Spying for Beijing: Ex-CIA Officer to Spend 19 Years in Jail

A former officer with the CIA, Jerry Chun Shing Lee, has been sentenced to 19 years in prison on charges of conspiring with China against the United States. (Image: wikimedia /  CC0 1.0)
A former officer with the CIA, Jerry Chun Shing Lee, has been sentenced to 19 years in prison on charges of conspiring with China against the United States. (Image: wikimedia / CC0 1.0)

A former officer with the CIA, Jerry Chun Shing Lee, has been sentenced to 19 years in prison on charges of conspiring with China against the United States. The 55-year-old pleaded guilty for his crime. His defense lawyers sought jail time of less than 10 years, while prosecutors wanted him to be in prison for 20 years. Lee, born in Hong Kong, immigrated to Hawaii when he was 15 years old and became a naturalized U.S. citizen.

Conspiring with China

Lee left his position with the CIA in 2007. In 2010, he was contacted by Chinese intelligence agents who promised to take care of him for life if he cooperated with them and provided the necessary information. Between 2010 and 2013, the Chinese agents deposited hundreds of thousands of dollars in Lee’s account in Hong Kong. In 2012, the FBI found that a hotel room in Hawaii was registered in Lee’s name and decided to search the place. They found a USB that contained sensitive information about American intelligence.

“Investigators found the document on unallocated space in the drive, suggesting it had been deleted. The search also revealed Lee to have a day planner and address book containing notes of intelligence provided by CIA agents, their true identities, operational meeting locations and phone numbers, and information about covert facilities. Lee was interviewed by CIA officers in 2012 during which he said he had met Chinese intelligence officers but concealed the fact that they had set him tasks,” according to BBC.

The information Lee supplied is believed to have helped Chinese intelligence bring down a network of American informants between 2010 and 2012. Close to 20 of the informants were either killed or put in jail. The inability to protect these informants has been one of the biggest failures of American spy agencies in recent times.

(Image via Max Pixel / CC0 1.0)

Close to 20 of the informants were either killed or put in jail because of the information Lee supplied. (Image: via Max Pixel / CC0 1.0)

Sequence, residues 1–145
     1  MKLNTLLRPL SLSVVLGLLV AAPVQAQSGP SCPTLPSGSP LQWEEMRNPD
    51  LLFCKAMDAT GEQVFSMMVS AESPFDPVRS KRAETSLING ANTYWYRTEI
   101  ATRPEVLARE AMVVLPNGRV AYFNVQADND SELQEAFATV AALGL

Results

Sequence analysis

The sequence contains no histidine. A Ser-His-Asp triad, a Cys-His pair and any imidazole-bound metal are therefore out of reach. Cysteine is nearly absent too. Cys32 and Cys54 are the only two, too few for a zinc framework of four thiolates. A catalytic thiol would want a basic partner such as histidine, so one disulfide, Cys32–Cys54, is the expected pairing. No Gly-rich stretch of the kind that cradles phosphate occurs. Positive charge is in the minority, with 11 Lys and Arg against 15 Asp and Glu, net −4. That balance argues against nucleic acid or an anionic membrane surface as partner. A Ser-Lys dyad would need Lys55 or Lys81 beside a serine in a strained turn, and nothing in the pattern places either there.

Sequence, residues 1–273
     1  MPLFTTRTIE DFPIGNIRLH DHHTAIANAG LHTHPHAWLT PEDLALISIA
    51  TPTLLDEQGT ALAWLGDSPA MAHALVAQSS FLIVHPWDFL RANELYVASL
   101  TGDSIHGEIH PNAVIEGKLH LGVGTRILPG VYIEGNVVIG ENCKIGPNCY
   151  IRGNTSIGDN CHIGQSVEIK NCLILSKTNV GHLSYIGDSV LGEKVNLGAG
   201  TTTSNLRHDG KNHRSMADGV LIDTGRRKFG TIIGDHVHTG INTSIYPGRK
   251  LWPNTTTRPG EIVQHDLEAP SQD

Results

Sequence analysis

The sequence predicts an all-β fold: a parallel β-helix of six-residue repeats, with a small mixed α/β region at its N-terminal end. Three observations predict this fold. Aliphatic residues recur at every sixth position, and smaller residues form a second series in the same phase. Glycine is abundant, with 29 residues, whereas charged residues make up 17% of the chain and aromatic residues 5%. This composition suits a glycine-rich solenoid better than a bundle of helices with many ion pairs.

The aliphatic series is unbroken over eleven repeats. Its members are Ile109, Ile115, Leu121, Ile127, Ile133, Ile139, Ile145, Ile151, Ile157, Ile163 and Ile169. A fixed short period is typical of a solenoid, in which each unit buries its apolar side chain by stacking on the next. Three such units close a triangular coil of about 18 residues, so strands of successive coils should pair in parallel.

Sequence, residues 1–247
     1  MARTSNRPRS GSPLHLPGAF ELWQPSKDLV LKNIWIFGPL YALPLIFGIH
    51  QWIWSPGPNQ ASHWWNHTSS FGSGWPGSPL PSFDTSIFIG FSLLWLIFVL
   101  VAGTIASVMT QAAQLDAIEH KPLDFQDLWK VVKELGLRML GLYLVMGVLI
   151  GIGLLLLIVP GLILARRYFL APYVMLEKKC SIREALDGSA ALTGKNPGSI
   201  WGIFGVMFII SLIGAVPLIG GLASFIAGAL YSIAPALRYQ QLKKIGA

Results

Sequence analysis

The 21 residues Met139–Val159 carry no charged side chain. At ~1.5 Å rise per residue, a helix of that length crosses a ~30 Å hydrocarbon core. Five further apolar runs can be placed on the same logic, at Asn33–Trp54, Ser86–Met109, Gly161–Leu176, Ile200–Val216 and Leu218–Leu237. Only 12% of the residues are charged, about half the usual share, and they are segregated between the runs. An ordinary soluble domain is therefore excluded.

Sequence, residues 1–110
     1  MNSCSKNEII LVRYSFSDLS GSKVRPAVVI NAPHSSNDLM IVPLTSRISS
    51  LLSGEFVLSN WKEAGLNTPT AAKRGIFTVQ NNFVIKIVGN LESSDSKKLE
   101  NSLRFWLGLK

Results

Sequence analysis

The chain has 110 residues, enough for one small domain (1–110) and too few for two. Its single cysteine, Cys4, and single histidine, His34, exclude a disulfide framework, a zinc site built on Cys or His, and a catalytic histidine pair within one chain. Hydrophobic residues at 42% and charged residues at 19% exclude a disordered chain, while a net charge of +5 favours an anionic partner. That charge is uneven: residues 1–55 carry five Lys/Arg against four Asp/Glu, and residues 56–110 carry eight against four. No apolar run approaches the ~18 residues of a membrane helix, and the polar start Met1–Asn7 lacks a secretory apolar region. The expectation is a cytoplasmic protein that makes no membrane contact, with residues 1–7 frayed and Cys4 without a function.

The Chinese officials also asked Lee to seek out details of CIA spycraft. In 2018, Lee was arrested at JFK airport in New York. He is the third ex-CIA member to be arrested on charges of spying for China of late. Former CIA officers Kevin Mallory and Ron Rockwell were sentenced to jail this year on similar charges.

Bill against Chinese espionage

Last month, U.S. lawmakers introduced the “Homeland Security Counterintelligence Threat Reduction Act” to the House and Senate. The bill is aimed at preventing the theft of American technology by Chinese spies and requires the Department of Homeland Security (DHS) to establish a task force aimed at improving the effectiveness of counterintelligence agencies.

“For too long, the United States has turned a blind eye to growing exploitation by nations like China to use our academic institutions as a method to steal sensitive and valuable information and technologies… We have a duty to protect American intellectual property,” Rep. Mark Walker (R-NC), who introduced the House version of the bill, said in a statement (The Epoch Times).

(Image: wikimedia / CC0 1.0)

Rep. Mark Walker introduced the ‘Homeland Security Counterintelligence Threat Reduction Act’ to the U.S. House of Representatives. (Image: wikimedia / CC0 1.0)

The legislation would also require intelligence officials to create a counterintelligence awareness training program aimed at the faculty at various American universities. It is hoped that this would cut down cases of academic espionage. Sensitive fields of study are to be monitored. Anytime an international student abruptly changes their area of study, it is to be seen as a red flag that requires closer scrutiny.

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